Scaffolding student reconnection with instructors and their peers using Perusall
Keywords:Perusall, Scaffolding, Critical reflection, Engagement, Online learning, Higher-order thinking
Rapid shifts to hybrid and fully-online learning driven by COVID-19 have reduced opportunities for face-to-face learning interactions. Interactive (social or collaborative) learning, which permits students to reconnect, is believed to result in more learning than solitary or individual learning because interactive learning is generative (Lee et al 2019).
University teachers want students to engage independently, actively and deeply with recommended or assigned content as an integral part of their learning. These can be in the form of readings from texts, journal articles or websites; as well as multimedia content such as Youtube videos. However, student engagement with assigned readings is frequently low (Kerr & Frese, 2017). While individual engagement with the assigned content is important, social negotiation of meaning and understanding can support understanding, and facilitate interconnections that build a community learning experience. In the “new normal” of reduced face-to-face student-instructor and student-student interactions and connections, effective techno-pedagogical approaches that interconnect students-instructors-learning materials need to be tried and evaluated.
Perusall (www.perusall.com) is an online educational platform that permits social interaction with digital learning resources (e.g., textbook chapters, journal articles, or videos), creates a safe environment where there is no penalty for students in expressing misconceptions, where their peers may offer encouragement (Lee & Yeong 2018), and instructors can scaffold critical thinking and other higher order thinking skills, which can lower students’ perception of the difficulty of material (Lee et al 2019). Unlike LMS discussion boards, annotations, which are facilitated by Perusall, are presented alongside and linked to selected content, and tagging of individuals permits conversations in response to annotations. Annotations and conversations may involve critical reflection, higher order thinking skills (Suhre et al 2019), metacognition (Woodward & Neunaber 2020) and can indicate engagement (Marcell 2008). Yet readers of digital texts rarely add comments (Schugar et al 2011). While Woodward & Neunaber (2020) found that Perusall fostered students’ social interaction over a text, there has been no systematic study to ascertain why students are more engaged or what increases their engagement.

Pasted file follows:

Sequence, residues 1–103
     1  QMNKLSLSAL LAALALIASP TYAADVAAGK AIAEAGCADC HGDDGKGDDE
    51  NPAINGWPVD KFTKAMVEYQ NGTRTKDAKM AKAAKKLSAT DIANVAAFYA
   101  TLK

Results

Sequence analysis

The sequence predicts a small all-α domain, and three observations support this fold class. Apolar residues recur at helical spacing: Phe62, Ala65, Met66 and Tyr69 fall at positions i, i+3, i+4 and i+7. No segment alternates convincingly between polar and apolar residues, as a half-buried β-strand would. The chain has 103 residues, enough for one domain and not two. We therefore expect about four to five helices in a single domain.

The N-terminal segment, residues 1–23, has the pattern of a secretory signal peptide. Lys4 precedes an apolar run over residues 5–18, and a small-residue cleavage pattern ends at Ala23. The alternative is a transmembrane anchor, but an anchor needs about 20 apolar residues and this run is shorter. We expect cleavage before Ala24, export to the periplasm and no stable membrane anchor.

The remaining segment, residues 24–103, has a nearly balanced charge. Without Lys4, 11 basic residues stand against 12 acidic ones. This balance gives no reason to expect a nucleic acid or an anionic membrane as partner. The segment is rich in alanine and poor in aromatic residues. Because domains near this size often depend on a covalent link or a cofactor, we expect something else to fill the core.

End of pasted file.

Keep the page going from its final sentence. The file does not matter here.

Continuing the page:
We report here on a pilot study that investigated how, within the Perusall environment, student engagement varies with instructor scaffolding. This study was carried out in one undergraduate first-year subject in 2020 and 2021 with a total of 84 students. The students came from different discipline degrees (37% Arts, 4% Biomedicine, 6% Commerce, 14% Design, and 38% Science). The instructors asked questions in 50% of the weeks involved in delivering the subject online or in hybrid mode. Instructors intentionally posted questions and comments on the week 1 reading to model the sorts of annotations that students might partake in. Students were required to make five annotations on the set readings for the week which could take the form of a question or comment.
We describe the different scaffolding questions posed by instructors and peers that resulted in a greater frequency of student response, evidence of critical reflection, higher-order thinking and improved student engagement. We also reflect on the implications of these findings for broader teaching and learning.
Copyright (c) 2022 Helena Bender, Alexis Pang
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